I am using win xp and i was told that 137gb is the max on each partition. Is that true?
While we are talking of hd,i read somewhere that win xp cannot handle past 2TB and so,there is no point buying those 3TB HDs.
Are these myths or founded on scientific logic?
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a c 263 G Storage
January 9, 2012 10:54:40 PM

The 137GB disappeared with one of the service packs I think 1. NTFS file system has a 2TB limit so a 3TB drive can be partitioned to be 2 drives and still work!
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a c 415 G Storage
January 9, 2012 11:22:20 PM

boh88ca said:
I am using win xp and i was told that 137gb is the max on each partition. Is that true?
While we are talking of hd,i read somewhere that win xp cannot handle past 2TB and so,there is no point buying those 3TB HDs. Are these myths or founded on scientific logic?


The 137GB-limit for Windows XP was removed with Service Pack 1. You'll only have a problem with larger drives under Windows XP if you try to install using a pre-SP1 version.

The 32-bit version of Windows XP won't be able to use anything beyond the first 2TB of a 3TB drive because it doesn't support GPT partitions (see below). You can't get around this by partitioning the drive into 2TB and 1TB partitions.


rolli59 said:
NTFS file system has a 2TB limit so a 3TB drive can be partitioned to be 2 drives and still work!
No, NTFS has no 2TB limit. The 2TB limit is imposed by the MBR partitioning scheme. If you partition a drive using GPT then the 2TB limit is gone and you can create an NTFS volume as large as you want.

The only problem with GPT is that some older OS's (including Windows XP) don't support it, and you can't boot from it unless you have a motherboard with an EFI-compliant BIOS.


There is a separate 2TB limitation for USB-connected drives because the USB protocol only allows for 4 billion sectors. If your USB drive uses 512-byte sectors then this limits it to 2TB of data. USB chipset manufacturers work around this in two different ways: (1) by presenting, for example, a 3TB drive as two virtual drives of 1TB and 2TB, or (2) by making the drive appear as if it has 4096-byte sectors, which ups the limitation to 16TB.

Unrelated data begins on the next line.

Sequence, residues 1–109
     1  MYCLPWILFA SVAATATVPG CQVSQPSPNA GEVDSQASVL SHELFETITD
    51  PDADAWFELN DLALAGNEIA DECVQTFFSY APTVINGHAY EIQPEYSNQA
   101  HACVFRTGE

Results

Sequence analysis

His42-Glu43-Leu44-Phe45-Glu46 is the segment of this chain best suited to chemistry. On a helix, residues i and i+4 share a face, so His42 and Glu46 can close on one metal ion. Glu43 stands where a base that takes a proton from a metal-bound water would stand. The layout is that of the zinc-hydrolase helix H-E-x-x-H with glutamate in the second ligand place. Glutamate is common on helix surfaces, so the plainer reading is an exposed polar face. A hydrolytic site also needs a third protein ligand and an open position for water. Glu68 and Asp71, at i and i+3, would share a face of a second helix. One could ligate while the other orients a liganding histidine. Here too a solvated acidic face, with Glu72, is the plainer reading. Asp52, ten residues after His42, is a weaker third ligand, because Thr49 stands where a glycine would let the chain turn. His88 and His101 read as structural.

Neither of these solutions is very good since the drive data will appear to be scrambled if you take a drive formatted via a USB connection and then try to connect it directly to a motherboard SATA port. Hopefully we'll start moving to drives that really do have larger sector sizes, which will eliminate many of the problems. Now would also be a good time to come out with an updated version of the USB protocol which eliminates the 32-bit sector number issue.
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January 10, 2012 3:13:30 PM

>> sminlal and rolli59 ,
Thanks guys..i think i will stick to the 2TB version.I bought a few hitachi 2TB hds when it was on sale last year at a a good price and so far,it is working fine.
At that time,i was new to this info and was cautios to configure the partitions to 100gb as a round figure.I do not want to take chances later if the partitions have problems and lead to bad sectors and all those really complicated stuff.
I agree that i need to understand more of computers and how they work but short of going to university etc..i will stick to the forums and get your advice and try to make sense of all this hd specifications and limitatons.
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January 23, 2012 12:15:53 AM

Best answer selected by boh88ca.
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January 23, 2012 8:21:38 AM

This topic has been closed by Mousemonkey